Today’s data scientists and data analysts work across a diverse array of domains but largely perform a set of common tasks that includes data cleansing and transformation, data mining, statistical modeling, and machine learning. Many of these tasks require tools and languages that are well suited to handling medium to large volumes of data. As a result, organizations are frequently turning to Hadoop-based solutions, which provide scalability, flexibility, and cost efficiency via a generalized open source platform of tools. It’s no surprise that Hadoop is expected to be at the core of more than half of all analytics software within the next two years.
However, many analysts struggle with the learning path to mastering Hadoop tools and integrating them to execute and operationalize a data analysis workflow. Jenny Kim introduces Hue, an open source, web-based UI that simplifies this process by unifying Hadoop’s core technologies and its most commonly used tools into a single user interface. You’ll learn how to install and configure Hue to work with a Hadoop installation, load data into HDFS using Hue’s file browser, and create Hive tables directly from HDFS files using Hue’s metastore create table wizard. Jenny also demonstrates how to use Hue’s Hive Editor to query data, save results to HDFS, and share queries for collaboration with other users and walks you through performing procedural data mining using the scripted language Pig Latin, monitoring running and completed Hadoop jobs using Hue’s job browser, and orchestrating a scheduled workflow using Oozie.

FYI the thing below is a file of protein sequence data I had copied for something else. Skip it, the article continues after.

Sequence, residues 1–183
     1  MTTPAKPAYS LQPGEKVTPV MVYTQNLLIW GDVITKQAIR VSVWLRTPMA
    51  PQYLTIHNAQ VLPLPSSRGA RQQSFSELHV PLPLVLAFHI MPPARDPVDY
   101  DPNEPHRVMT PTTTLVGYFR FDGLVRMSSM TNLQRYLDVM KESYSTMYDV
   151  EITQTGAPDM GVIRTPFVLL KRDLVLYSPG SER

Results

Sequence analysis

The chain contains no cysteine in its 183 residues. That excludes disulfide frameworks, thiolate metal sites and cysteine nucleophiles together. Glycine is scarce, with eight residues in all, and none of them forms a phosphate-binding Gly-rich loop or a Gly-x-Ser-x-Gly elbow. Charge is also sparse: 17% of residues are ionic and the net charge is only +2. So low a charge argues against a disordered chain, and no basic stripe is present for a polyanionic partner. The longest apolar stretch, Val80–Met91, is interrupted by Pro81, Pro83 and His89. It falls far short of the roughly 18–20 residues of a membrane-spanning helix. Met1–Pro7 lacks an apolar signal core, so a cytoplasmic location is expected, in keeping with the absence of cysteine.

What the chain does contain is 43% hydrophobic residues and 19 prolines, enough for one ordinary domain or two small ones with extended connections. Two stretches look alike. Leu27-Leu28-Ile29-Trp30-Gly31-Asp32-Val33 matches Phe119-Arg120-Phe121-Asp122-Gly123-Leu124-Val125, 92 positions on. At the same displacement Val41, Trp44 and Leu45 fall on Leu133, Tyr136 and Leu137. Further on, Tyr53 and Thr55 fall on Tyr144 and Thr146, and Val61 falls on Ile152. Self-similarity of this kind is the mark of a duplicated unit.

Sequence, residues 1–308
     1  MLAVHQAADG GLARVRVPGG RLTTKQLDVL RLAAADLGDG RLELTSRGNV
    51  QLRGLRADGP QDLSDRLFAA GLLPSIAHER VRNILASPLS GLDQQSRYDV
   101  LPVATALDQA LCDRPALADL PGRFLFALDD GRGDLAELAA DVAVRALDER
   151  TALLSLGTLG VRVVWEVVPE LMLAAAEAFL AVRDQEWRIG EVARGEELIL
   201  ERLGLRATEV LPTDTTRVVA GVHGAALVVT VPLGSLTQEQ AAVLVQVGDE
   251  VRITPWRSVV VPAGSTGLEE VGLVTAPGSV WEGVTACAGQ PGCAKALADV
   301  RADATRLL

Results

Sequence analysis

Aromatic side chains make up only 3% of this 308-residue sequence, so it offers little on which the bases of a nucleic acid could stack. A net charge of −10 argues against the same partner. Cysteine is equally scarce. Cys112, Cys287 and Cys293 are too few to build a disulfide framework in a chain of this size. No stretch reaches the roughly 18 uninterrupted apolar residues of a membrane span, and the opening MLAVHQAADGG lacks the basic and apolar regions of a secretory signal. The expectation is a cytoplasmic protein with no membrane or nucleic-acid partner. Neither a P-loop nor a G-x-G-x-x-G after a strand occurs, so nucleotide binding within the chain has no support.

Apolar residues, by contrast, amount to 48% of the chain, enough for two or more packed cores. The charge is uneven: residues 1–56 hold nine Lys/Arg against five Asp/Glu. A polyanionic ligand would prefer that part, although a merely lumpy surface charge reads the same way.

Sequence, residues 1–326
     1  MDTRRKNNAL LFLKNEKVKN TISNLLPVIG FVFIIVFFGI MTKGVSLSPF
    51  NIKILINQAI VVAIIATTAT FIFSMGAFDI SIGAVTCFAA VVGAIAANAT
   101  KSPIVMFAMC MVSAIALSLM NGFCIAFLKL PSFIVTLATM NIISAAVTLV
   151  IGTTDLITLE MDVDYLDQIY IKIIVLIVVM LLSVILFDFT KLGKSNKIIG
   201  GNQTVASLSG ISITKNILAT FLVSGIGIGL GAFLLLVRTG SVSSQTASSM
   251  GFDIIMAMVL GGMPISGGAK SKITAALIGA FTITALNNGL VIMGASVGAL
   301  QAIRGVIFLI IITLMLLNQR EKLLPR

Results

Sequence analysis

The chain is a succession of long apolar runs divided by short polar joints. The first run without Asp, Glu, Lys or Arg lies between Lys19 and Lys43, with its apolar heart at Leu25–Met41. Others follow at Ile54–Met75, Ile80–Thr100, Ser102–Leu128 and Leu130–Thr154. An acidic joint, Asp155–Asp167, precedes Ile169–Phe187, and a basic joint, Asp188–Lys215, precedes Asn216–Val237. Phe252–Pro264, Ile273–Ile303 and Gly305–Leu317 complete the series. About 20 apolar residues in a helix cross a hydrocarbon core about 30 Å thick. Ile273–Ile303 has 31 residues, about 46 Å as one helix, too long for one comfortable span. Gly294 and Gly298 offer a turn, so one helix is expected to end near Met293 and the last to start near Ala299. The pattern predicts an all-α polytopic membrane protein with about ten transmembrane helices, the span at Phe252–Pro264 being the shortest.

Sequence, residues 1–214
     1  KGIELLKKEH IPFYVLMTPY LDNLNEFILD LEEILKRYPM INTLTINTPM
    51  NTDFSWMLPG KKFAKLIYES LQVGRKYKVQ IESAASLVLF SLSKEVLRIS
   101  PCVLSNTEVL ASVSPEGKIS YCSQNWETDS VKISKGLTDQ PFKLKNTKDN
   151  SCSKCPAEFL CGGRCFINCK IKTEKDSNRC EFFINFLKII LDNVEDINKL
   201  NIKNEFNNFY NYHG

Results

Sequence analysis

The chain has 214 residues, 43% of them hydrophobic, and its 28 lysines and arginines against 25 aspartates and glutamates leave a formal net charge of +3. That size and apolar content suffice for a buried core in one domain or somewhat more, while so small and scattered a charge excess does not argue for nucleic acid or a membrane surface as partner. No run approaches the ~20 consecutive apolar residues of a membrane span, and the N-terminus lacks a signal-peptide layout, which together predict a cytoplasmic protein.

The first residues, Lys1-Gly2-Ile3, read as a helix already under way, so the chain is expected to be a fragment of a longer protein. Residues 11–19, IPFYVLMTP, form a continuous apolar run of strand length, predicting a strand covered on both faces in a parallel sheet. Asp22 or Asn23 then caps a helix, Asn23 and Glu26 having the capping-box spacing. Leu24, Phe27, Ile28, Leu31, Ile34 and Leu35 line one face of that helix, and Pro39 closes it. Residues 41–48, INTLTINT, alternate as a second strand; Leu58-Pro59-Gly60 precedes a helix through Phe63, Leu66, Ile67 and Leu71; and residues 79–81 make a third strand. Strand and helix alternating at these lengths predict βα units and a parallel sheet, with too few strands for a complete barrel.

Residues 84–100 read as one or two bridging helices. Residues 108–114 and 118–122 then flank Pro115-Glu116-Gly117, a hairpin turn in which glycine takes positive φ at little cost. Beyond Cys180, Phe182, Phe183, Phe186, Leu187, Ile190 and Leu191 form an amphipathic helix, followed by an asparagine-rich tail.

About Jenny Kim
Jenny Kim is an experienced big data engineer who works in both commercial software efforts and academia. Jenny is currently working with the Hue team at Cloudera to help build intuitive interfaces for analyzing big data with Hadoop. She has significant experience working with large-scale data, machine learning, and Hadoop implementations in production and research environments. In a previous project, Jenny, along with Benjamin Bengfort, built a large-scale recommender system that used a web crawler to gather ontological information about apparel products and produce recommendations from transactions.